Summary: Today it is our assignment to examine one for the most important practices in the life of every Christian – that of prayer. Prayer is essential to knowing God and it’s essential for growing spiritually - prayer.
A few weeks ago we began to examine one for the most important practices (one which should be paramount) in the life of every believing Christian – that of prayer. And prayer for the believer, as I’ve said before, is not an option, it’s an obligation. The very action of prayer should not be regarded as a passing fancy rather it should be viewed as a personal privilege. And prayer, when properly engaged can be recognized as powerful and also persuasive.
Prayer is so powerful because the results of it thereby reach upwards to heaven in the form of worship; reach downward to hell in the form of warfare; must be carried out to into the world by way of our works – prayer is powerful. But prayer is also persuasive. It’s persuasive in nature due to the mere fact that prayer was not designed to change the mind or heart of God but rather it was designed to alter the mindset of the one doing the praying. Prayer is persuasive.
But as we suggested a few weeks ago, truth be told, many Christians are reluctant to pray. Maybe it’s because we’re too embarrassed to pray; maybe it’s because we don’t really know how to pray or maybe it’s because we know that our hearts aren’t right with God so we don’t pray. Whatever our reasoning may be, the fact of the matter is you and I need to pray! Why, because prayer is simply the action of us fellowshipping with God.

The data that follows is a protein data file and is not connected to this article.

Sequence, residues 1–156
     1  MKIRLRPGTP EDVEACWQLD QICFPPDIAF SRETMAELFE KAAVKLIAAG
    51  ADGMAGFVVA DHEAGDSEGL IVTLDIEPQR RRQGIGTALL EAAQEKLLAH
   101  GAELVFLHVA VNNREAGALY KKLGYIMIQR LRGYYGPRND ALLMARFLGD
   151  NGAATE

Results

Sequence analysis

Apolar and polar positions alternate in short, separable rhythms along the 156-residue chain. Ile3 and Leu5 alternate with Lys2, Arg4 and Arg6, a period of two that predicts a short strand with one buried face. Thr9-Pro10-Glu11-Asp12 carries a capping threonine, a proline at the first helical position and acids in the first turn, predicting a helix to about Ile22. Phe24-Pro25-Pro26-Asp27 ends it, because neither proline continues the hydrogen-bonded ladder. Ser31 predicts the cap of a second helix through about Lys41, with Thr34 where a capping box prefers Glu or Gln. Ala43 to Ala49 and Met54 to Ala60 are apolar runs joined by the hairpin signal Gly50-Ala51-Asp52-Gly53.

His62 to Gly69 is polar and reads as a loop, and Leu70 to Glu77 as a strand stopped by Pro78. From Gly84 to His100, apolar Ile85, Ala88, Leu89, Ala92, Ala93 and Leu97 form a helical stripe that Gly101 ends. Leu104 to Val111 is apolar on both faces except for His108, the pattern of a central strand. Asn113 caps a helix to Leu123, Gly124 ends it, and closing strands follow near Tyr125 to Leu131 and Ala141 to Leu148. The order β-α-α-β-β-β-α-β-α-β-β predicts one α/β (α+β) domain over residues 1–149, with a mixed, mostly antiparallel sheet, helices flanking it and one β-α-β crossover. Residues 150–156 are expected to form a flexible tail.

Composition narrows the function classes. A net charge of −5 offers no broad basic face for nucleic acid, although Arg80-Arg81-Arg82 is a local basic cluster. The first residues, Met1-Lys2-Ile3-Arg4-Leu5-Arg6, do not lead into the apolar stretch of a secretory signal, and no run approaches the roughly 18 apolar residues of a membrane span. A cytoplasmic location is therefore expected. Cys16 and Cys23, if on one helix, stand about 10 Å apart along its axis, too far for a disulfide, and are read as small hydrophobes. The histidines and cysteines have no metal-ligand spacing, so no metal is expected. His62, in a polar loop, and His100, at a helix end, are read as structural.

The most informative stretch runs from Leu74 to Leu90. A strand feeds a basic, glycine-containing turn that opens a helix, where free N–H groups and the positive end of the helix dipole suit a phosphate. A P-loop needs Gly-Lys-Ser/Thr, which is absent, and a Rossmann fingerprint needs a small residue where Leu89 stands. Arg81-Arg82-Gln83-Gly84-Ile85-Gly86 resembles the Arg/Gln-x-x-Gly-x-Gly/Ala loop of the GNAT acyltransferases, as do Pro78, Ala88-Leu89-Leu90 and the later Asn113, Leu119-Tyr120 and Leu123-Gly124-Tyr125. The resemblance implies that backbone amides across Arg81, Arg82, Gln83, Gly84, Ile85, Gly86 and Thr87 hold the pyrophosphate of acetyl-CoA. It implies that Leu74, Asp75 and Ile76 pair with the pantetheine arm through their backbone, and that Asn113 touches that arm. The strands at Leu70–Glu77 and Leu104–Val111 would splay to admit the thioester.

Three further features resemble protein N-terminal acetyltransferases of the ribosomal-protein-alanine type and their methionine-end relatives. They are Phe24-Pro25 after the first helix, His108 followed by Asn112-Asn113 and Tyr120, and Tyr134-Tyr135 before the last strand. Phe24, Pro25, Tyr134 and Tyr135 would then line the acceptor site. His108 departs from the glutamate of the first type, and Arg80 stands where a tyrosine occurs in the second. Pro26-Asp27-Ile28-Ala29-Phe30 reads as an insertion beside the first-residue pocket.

Whenever we need to clarify a characteristic we should practice as Christians, we should look to Jesus as our pattern to follow. The very prayer life of Jesus was one to be admired. Reading the accounts of his life, whenever he needed to communicate with his Father, he would still away to a quiet place by himself and pray. Before he did anything, he would have fellowship with his Father. Before he approached anyone, he made sure that that was the will of his Father. Jesus’ prayer life was so solid and so exemplary that he would spend nights and mornings alone (nights after the son had gone down and mornings before the sun ever came up) in prayer. Jesus the person who was 100% God but also 100% man, spent hours upon hours fellowshipping with his Father. The disciples noticing the prayer life of Jesus and its effectiveness in his life, came to him one day and asked, (in Luke 11:1) “Lord, teach us to pray…”
The disciples recognized Jesus as he prayed in,
-Matthew 14:13 (over the 2 fish and 5 loaves feeding over 5,000)
-Mark 6:45 (prior to he and Peter walking on water)
-John 11:38 (before bringing back Lazarus from the grave)
It prompted them to more or less say, “Lord, teach us to pray like that!”
The very response Jesus gave his disciples in answering their request is what we’ve come to know as “The Lord’s Prayer.” But when you look at the context in which the prayer was given, you’ll notice that it’s not actually Jesus’ prayer, but rather it’s a model prayer – a prayer to pattern after - for his disciples. So instead of it being called “The Lord’s Prayer”, it ought to be called “The Disciples Prayer” or “The Model Prayer”.